By the late nineteenth century, all Americans, except for American Indians, knew for a fact that all Indian tribes would be extinct in the twentieth century and that all individual American Indians, like other immigrants, would be fully assimilated into mainstream American culture in which they would be English-speaking, Christian farmers. While this American fantasy continued to survive through most of the twentieth century, Indians did not vanish. As Americans entered into the period of growth and prosperity popularly known as the Roaring 20s following World War I, Indian tribes and Indian people continued to exist, usually out of sight of non-Indians.
During the nineteenth century, the American government, in its infinite wisdom and charity, had moved American Indians out of the way of economic development by attempting to confine them to reservations. In 1920, non-Indian entrepreneurs, aided by the American government’s Indian Office and inspired by greed, began to look at the possible economic resources on Indian reservations. The American government, believing its own racist propaganda, assumed that Indians should not be allowed to develop these resources, but rather they should be developed for and by non-Indians. Since Indians were the poorest people in the United States, there was little, if any, concern for providing adequate compensation for the resources which were taken from them.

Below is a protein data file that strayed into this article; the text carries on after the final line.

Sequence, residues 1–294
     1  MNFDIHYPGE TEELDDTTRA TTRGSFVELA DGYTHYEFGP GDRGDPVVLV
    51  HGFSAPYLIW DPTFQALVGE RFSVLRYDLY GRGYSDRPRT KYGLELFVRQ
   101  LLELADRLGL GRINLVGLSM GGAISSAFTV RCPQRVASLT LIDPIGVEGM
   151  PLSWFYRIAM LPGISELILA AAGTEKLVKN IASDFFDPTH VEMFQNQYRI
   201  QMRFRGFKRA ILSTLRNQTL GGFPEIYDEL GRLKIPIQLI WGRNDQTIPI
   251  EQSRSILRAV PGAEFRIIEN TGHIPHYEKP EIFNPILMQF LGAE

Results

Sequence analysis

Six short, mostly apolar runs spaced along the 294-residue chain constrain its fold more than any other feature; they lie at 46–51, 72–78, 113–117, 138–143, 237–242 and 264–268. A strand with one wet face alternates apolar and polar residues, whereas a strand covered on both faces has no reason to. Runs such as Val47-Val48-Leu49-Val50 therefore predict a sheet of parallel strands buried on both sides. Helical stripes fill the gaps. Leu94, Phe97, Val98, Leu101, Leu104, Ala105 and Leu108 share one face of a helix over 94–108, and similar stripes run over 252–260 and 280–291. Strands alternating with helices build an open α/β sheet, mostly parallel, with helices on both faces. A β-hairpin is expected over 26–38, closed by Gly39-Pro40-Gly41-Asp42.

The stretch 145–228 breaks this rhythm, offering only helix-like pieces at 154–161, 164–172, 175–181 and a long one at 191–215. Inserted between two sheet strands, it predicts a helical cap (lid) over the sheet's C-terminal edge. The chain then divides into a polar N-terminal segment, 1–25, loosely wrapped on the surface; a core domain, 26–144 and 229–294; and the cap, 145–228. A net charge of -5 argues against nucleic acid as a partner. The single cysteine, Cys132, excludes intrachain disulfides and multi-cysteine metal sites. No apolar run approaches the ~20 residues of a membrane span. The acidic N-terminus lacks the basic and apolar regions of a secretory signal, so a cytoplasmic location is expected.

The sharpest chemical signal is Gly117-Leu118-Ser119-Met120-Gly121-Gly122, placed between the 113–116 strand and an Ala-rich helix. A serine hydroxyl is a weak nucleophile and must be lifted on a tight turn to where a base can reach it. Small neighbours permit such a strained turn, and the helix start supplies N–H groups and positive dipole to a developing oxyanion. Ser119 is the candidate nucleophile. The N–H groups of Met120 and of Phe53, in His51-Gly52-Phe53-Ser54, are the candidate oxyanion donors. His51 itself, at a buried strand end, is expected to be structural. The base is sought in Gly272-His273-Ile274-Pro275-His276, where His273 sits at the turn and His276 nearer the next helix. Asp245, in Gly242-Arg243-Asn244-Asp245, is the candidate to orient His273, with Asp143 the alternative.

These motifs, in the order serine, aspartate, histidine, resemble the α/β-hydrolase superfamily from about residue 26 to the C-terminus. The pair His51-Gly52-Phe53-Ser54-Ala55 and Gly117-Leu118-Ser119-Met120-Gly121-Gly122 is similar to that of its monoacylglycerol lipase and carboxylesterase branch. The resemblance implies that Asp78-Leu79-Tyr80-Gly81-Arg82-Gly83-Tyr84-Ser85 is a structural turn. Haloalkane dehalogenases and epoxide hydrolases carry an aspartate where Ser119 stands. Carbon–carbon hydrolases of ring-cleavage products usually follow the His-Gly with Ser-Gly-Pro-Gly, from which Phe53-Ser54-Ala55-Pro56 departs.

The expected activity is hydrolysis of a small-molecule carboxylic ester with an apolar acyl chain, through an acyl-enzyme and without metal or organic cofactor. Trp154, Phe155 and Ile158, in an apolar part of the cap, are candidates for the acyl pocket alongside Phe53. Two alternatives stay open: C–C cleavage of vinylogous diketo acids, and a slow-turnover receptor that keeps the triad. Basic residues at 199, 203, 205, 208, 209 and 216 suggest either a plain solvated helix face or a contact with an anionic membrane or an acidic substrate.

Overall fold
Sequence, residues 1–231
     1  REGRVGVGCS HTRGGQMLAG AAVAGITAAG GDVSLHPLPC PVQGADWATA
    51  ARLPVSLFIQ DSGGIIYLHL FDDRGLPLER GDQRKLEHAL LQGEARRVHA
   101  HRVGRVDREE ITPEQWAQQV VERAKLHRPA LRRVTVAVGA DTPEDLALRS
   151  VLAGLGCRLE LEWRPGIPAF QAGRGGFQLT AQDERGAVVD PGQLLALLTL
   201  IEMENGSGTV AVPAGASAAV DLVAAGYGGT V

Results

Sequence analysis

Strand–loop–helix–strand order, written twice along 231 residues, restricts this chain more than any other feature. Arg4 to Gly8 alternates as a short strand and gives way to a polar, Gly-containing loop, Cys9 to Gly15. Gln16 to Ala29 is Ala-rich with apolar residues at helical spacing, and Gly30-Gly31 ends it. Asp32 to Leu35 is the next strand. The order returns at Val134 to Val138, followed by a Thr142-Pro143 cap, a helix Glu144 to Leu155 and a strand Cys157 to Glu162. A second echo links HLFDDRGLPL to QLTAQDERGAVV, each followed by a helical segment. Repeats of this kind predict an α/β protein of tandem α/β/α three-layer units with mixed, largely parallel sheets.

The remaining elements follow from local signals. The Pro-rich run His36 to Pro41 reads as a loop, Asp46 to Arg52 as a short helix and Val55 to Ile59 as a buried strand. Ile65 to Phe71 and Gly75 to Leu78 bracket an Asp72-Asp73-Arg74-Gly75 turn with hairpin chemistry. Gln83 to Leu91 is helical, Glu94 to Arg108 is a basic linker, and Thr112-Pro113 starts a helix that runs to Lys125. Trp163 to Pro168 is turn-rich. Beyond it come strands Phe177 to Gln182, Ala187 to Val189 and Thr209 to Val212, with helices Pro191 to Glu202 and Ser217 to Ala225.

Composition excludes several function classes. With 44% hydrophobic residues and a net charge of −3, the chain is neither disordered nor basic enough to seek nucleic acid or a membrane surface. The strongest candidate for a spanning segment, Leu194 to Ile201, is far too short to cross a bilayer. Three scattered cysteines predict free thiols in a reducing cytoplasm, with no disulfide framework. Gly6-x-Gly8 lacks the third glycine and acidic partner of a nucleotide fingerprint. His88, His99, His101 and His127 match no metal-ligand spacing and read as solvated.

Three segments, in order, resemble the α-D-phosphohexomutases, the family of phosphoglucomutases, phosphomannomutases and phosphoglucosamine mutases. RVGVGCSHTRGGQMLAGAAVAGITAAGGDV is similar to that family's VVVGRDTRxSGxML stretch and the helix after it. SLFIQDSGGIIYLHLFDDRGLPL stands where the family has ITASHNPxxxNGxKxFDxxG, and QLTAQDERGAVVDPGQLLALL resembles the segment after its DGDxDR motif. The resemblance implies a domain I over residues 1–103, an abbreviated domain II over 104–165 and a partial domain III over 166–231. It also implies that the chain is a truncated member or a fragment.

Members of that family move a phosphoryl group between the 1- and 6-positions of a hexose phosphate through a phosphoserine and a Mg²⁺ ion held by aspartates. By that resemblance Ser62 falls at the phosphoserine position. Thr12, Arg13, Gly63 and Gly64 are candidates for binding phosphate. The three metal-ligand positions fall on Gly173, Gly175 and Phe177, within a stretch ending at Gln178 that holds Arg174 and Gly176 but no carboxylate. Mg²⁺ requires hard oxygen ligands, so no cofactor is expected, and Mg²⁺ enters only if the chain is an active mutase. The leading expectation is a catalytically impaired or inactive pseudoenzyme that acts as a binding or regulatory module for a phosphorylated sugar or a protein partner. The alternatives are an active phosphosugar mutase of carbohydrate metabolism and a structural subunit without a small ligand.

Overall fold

The Indian agent for the Gros Ventre and Assiniboine on the Fort Belknap Reservation in Montana rented the coal mine on the reservation to a non-Indian. While Indians now had to buy coal from the mine, non-Indians were allowed free coal. The Indian agent justified renting the coal to non-Indian interests by saying that the Indians did not know enough about Anglo practices to mine and market the coal.
The City of Tacoma, Washington, applied to the Department of Interior to purchase a right of way through the Skokomish Reservation for power lines and service access roads in conjunction with their Cushman Hydroelectric Project. While the Department of Interior was considering this request, the City of Tacoma filed a condemnation suit in state court to acquire the land needed for the project. Included in the condemnation suit were the tribal trust lands. The City did not notify the Department of the Interior or the Bureau of Indian Affairs about this law suit.